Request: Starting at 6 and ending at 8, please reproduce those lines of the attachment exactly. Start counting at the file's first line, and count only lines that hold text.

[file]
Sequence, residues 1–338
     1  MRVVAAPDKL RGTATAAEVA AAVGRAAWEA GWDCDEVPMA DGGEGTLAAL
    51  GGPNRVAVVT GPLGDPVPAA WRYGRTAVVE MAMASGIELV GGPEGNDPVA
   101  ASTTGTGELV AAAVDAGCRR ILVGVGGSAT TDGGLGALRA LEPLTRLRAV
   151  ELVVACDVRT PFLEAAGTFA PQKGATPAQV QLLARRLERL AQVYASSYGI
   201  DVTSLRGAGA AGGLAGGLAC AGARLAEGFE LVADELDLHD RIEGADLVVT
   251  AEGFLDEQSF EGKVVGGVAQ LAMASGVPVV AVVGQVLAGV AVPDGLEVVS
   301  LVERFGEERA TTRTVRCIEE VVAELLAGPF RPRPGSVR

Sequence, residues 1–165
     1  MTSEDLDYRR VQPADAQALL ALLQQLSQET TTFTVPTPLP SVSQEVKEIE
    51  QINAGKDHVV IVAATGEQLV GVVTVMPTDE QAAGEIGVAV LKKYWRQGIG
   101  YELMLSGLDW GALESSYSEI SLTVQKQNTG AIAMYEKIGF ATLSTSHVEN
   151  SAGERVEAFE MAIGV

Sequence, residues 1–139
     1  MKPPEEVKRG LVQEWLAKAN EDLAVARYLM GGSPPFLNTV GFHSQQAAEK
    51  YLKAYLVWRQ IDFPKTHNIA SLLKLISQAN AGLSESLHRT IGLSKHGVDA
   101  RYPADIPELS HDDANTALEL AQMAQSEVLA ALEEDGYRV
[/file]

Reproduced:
   201  DVTSLRGAGA AGGLAGGLAC AGARLAEGFE LVADELDLHD RIEGADLVVT
   251  AEGFLDEQSF EGKVVGGVAQ LAMASGVPVV AVVGQVLAGV AVPDGLEVVS
   301  LVERFGEERA TTRTVRCIEE VVAELLAGPF RPRPGSVR